News Feature | October 2, 2015

Non-Invasive Device Could Allow At-Home White Blood Cell Monitoring

By Suzanne Hodsden

One prototype is a portable microscope which is placed manually on the patient’s fingertip to take videos of microcirculation in very superficial capillaries. Image courtesy of the Research Laboratory of Electronics / MIT.

An international consortium of researchers has developed a novel method for counting white blood cells without breaking the skin. The portable device, which counts leukocytes through the skin as they flow past a miniature lens, could give immunosuppressed patients a less painful option for their regular lab workups and may allow doctors to more closely tailor cancer treatments for leukemia and lymphomas.

Patients with suppressed immune systems due to chemotherapy, or patients taking immunosuppressant drugs for diseases like rheumatoid arthritis, often need to have their white blood cell counts monitored to make sure that their immune system doesn’t dip to dangerous levels, a condition called leukopenia. Such a dip leaves the patients vulnerable to infection, which could delay treatment or necessitate hospitalization. Checks for leukopenia have traditionally required a blood draw.

A consortium of scientists from Madrid and Boston, including the Massachusetts Institute of Technology (MIT) —called Madrid-MIT M+Vision — has been working on a non-invasive test that would allow patients to monitor their own white blood cells from home and eliminate hassle of traveling to a lab or the pain of being stuck with a needle.

Carlos Castro, a biomedical engineer at MIT, told Sinc that he envisions a day where immunosuppressed patients use a “leukometer” at home the same way diabetics use a glucometer. Such a simple test at home, said Castro, would allow patients to monitor their immune systems more closely, “detect leukopenia earlier, and avoid its consequences.”

Similar to a pulse oximeter, the researchers’ project, called Leuko, attaches to the fingertip and uses certain frequencies of light to illuminate capillaries in the nail bed. While red blood cells absorb the light, white blood cells do not and appear transparent. Images collected by a small lens are analyzed by a computer algorithm that counts the transparent sections to give an accurate reading of white blood cell activity in the blood stream.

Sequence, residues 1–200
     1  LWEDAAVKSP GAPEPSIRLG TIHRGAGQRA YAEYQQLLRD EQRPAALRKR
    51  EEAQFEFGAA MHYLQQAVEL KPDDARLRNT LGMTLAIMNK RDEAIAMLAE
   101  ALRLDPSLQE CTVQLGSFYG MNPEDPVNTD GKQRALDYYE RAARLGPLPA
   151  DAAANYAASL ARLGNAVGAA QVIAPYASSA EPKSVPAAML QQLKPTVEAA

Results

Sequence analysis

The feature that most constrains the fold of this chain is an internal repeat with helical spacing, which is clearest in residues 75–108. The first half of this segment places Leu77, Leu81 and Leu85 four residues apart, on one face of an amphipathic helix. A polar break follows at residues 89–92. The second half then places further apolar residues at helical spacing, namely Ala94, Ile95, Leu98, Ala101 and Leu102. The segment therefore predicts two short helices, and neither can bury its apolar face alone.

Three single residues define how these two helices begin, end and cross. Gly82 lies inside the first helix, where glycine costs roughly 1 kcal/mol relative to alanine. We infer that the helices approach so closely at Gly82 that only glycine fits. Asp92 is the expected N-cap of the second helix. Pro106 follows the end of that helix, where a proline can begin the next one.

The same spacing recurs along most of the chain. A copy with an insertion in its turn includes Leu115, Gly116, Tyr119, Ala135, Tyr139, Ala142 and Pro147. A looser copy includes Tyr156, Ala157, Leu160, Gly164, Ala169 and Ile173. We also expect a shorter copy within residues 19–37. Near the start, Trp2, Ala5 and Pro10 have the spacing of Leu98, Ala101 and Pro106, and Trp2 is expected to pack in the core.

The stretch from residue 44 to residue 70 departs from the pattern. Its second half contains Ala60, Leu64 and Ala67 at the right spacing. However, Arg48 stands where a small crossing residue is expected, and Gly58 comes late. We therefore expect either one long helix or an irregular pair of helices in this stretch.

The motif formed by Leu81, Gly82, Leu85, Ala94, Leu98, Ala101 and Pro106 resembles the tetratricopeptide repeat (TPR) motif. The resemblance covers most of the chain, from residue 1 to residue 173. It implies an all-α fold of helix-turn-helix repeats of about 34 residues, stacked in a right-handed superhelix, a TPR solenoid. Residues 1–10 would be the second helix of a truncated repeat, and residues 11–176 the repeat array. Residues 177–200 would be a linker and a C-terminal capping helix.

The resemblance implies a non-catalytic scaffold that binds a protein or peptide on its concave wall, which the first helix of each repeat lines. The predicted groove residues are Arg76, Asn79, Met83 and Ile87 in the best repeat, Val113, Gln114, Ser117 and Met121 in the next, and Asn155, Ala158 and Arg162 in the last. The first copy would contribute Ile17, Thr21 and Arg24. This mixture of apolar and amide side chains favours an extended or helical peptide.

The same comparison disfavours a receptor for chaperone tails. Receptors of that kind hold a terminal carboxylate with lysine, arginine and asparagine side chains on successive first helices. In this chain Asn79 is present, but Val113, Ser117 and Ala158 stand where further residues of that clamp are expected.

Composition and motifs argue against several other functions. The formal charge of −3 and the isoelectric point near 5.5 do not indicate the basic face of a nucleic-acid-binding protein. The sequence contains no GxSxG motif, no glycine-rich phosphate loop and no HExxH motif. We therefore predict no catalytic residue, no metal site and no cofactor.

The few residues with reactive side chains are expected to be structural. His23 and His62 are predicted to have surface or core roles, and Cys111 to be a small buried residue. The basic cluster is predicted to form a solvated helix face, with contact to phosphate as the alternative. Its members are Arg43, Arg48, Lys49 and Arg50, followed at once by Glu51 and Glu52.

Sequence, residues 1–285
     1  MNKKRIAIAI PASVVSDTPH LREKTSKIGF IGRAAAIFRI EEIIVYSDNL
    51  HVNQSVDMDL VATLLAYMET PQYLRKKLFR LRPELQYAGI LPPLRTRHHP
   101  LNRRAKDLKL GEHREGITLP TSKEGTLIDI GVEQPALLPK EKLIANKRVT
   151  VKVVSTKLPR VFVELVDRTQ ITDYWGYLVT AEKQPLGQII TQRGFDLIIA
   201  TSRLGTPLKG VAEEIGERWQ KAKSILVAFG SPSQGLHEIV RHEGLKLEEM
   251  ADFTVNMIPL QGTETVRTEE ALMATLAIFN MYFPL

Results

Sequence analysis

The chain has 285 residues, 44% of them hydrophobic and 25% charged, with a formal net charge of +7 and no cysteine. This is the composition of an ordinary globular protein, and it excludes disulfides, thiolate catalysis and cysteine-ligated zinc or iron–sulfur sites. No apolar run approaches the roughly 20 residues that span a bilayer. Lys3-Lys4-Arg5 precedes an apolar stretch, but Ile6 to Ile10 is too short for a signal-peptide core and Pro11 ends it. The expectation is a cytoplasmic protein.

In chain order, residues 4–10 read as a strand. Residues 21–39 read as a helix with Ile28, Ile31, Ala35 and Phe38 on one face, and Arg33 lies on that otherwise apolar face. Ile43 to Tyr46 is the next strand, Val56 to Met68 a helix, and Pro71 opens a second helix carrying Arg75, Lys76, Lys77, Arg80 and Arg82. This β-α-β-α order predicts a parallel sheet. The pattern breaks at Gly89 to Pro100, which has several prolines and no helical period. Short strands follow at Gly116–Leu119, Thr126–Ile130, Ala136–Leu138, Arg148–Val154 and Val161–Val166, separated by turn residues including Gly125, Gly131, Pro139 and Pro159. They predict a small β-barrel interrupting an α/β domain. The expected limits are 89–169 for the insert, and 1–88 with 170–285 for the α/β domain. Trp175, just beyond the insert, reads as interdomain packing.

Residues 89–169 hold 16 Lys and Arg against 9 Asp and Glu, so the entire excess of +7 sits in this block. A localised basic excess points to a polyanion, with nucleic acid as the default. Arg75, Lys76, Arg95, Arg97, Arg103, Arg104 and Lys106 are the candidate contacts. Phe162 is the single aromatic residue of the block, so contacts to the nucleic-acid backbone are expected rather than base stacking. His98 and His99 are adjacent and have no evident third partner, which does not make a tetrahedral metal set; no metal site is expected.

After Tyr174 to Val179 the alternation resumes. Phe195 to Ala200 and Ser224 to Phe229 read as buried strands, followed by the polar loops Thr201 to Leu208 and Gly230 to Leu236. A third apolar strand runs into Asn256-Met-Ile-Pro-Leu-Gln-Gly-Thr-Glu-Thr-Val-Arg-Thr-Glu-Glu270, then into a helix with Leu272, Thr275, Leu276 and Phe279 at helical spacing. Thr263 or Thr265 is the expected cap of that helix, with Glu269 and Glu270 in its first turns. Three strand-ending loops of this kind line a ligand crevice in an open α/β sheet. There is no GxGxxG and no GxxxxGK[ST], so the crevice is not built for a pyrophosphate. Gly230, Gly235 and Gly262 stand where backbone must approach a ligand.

Portable at-home white blood cell monitoring, said Castro, offers many advantages currently unavailable. It could sound an early alarm of sepsis, and it could allow doctors to tailor medications post-chemotherapy to best suit the recovery times of the patient.

 “Treatment doses could be maximized for each individual without compromising their immunological system. Treatment efficiency could be improved while reducing the risk of suffering serious infections,” said Castro. “These decisions are not currently possible because it is not feasible to call patients in every hour or every day to test their blood.”

Recent trends toward at-home treatments and self-monitoring systems have presented significant growth potential for needle-free technology, especially for those with chronic conditions that require regular checkups.  A study published last year in Innovations in Pharmacy listed increased compliance, feasible self-administration, and safer disposability as advantages to needle-free treatment and diagnostic options.

Castro told Sinc that his team is working on several different protypes, including a smartphone version of the device. He projects that, with adequate funding, Leuko could be on the market as early as 2019.